“And women’s rights? Absolutely, women’s rights and IVF,” she continued. “I mean, we have to have a choice, and Joe wants to codify [Roe v. Wade] and we have to. We have to fight hard so we get it back because, [co-host] Joy [Behar], you and I remember when Roe became the law, and we kept thinking ‘oh, this won’t be taken away,’ but we cannot take things for granted, because they can.”

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The first lady warned that the Supreme Court under Trump could get yet another conservative justice, suggesting this would mean losing “all of our rights, so we’re talking about women’s rights, gay rights, I mean we will lose our—”

 “Voting rights,” co-host Whoopi Goldberg interjected. 

Biden agreed, as Goldberg added, “All of this is up at stake.”

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Prehistoric discovery in US lake leaves experts in shock and awe

Wisconsin historians recently announced the discovery of at least 11 ancient canoes in a Badger State lake – including one boat that dates back to 2500 BC.

The findings were announced in a press release by the Wisconsin Historical Society on May 23. The canoes were found in Lake Mendota, which is located outside of Madison.

The Wisconsin Historical Society explained that two ancient canoes were found in a cache in the lake in 2021 and 2022. Since then, historians have found at least 11 other ancient canoes, along what they believe was an ancient shoreline that became submerged over time. 

Not all the canoes will be removed from the lake due to their fragility. In an interview with Fox News Digital on Wednesday, State Archaeologist for the Wisconsin Historical Society Dr. Amy Rosebrough explained the significance of the discovery.

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“The Indigenous peoples of Wisconsin and the wider United States fished, traveled, and traded extensively on inland lakes and streams, and until now we have not had a clear look at the canoes used in the Great Lakes region,” she explained.

“To put it in modern terms, it’s like trying to understand life in the Midwest without ever seeing a real pickup truck in person. Canoes allowed people to fish in deeper lakes, to transport goods over hundreds of miles, and to travel to far-away places. “

Rosebrough added that they believe an ancient village site is located under the waters, although it has not been found yet. Divers have found stone tools in the water, and experts believe that the lake is filled with other hidden sites.

“Lake Mendota is a hard lake to work in, however,” Rosebrough admitted. “There is a limited window of visibility for diving missions, and we are exploring non-destructive remote sensing techniques that might help this summer.”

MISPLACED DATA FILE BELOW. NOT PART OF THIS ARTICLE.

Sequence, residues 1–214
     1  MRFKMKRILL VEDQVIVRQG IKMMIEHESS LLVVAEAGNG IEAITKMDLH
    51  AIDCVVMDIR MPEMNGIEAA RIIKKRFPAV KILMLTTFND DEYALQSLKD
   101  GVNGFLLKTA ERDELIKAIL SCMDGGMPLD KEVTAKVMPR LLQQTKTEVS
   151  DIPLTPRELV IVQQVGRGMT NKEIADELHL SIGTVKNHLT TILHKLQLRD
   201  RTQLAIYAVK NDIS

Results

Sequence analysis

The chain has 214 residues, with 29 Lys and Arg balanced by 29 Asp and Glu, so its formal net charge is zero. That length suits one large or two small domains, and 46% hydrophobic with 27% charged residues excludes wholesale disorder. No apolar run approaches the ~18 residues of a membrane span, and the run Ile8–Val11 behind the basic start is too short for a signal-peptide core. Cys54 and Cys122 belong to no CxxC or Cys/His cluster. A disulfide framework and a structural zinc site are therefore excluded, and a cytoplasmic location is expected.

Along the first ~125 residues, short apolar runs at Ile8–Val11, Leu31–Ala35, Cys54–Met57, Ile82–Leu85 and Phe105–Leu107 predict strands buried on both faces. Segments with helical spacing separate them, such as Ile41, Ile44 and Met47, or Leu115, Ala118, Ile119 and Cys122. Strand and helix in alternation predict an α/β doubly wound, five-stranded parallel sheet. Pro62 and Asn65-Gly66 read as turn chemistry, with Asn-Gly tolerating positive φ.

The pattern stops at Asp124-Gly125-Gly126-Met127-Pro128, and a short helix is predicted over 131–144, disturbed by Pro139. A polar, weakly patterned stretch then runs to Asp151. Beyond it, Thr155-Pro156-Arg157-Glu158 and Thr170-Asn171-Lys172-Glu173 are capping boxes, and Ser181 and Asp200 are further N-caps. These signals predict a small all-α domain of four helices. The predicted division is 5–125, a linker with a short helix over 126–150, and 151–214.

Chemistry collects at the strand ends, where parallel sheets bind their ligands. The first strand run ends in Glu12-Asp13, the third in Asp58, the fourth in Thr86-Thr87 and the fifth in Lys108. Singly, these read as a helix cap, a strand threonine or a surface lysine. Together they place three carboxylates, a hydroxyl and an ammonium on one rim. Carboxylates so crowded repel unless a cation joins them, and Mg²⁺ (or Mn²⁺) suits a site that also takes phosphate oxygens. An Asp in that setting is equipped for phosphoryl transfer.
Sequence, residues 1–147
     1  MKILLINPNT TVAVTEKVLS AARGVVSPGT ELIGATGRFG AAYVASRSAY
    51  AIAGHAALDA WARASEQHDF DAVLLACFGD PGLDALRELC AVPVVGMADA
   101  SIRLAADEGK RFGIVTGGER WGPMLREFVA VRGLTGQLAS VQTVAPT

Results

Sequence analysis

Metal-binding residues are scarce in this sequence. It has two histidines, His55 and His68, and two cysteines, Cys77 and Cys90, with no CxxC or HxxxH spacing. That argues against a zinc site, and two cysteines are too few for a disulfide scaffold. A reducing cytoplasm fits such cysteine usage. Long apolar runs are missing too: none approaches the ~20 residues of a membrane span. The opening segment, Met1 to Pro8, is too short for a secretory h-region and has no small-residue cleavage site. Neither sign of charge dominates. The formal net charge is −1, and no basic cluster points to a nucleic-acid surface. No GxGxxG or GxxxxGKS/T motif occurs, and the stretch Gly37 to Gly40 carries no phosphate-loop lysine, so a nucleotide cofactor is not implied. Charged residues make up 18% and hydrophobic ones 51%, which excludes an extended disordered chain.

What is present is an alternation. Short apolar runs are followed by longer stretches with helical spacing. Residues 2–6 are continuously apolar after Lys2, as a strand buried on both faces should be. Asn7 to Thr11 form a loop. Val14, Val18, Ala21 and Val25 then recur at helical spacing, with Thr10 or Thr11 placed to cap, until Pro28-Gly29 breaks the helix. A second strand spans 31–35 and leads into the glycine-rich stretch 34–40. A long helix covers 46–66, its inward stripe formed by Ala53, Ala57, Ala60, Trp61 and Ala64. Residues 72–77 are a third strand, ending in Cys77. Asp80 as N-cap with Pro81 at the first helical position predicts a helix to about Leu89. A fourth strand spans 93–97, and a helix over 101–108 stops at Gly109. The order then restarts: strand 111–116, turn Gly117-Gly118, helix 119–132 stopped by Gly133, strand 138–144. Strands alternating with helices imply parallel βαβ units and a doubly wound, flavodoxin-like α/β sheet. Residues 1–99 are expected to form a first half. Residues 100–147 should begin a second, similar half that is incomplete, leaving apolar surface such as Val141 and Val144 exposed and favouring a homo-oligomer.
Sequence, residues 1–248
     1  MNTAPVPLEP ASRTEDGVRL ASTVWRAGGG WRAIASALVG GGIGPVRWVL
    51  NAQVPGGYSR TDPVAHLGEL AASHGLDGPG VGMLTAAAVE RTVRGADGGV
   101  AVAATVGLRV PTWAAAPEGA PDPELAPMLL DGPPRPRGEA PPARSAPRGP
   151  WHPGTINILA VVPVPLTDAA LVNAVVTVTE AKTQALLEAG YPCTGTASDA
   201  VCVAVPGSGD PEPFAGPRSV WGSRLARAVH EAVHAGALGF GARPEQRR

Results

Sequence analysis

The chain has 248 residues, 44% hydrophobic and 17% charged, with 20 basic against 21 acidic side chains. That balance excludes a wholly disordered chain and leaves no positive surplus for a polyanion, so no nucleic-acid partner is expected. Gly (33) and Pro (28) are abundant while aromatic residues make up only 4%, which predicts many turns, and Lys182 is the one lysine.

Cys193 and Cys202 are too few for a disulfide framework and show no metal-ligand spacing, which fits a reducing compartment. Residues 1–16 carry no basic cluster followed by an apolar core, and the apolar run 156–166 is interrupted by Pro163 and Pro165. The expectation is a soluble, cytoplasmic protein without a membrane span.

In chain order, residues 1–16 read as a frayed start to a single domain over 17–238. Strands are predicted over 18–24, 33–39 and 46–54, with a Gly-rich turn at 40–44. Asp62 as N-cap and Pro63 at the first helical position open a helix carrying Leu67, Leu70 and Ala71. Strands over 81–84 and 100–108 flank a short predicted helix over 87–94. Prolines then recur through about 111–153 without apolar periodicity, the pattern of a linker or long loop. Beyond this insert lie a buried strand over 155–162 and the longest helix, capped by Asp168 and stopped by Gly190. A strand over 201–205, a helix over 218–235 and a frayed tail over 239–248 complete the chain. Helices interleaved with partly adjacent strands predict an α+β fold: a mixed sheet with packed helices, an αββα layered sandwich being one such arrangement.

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“Even without finding the village, the discovery of these canoes and the tools found within the first canoe that was found, human-worked stone tools called net sinkers, reminds us that people have lived and worked alongside the lake for thousands of years.”

Radiocarbon dating found that the oldest canoe dates back to 2500 B.C., which would mean it was built around the time Stonehenge was constructed. The canoe was constructed more than 1,700 years before Ancient Rome was first settled and 2,500 years before the birth of Jesus Christ.

All the canoes varied in age, with the youngest one dating back to 1250 AD. The archaeologist explained that the canoes “may have been intentionally cached in the water during the winter months, a standard practice to keep canoes safe from freezing and warping.”

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“Either this practice of storing canoes for winter was carried out in roughly the same spot over generations – perhaps because of a living area nearby – or we are only seeing a window into a much larger site that might span much of the lakeshore,” she described.

Rosebrough added that, though the Great Lakes dwarf Lake Mendota, the south central Wisconsin lake is small but mighty when it comes to archaeological potential.

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“The Great Lakes oftentimes receive more funding for maritime archaeology but smaller bodies of water like Lake Mendota have their own distinct histories and stories to tell us about the people who lived here hundreds and thousands of years ago,” she said. “We are proud to work in partnership with Native Nations in Wisconsin to discover all we can about Tee Waksikhominak and to share these stories now and in the future at the new Wisconsin History Center set to open in early 2027.”

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Kevin Costner recalls beating out Robin Williams for lead role in iconic movie

Kevin Costner almost lost out on the opportunity to play one of his most important roles to date.

The Oscar winner recently revealed Robin Williams was also in the running to star as Ray Kinsella in the classic sports fantasy flick, “Field of Dreams.”

“A good story requires a good script for it to somehow leap off the page and become a movie,” Costner told GQ magazine in a sit-down chat. “That little movie had gold dust all over it, not in the way that I thought it would be a big hit, whereas gold dust on it in the way it moved me personally.”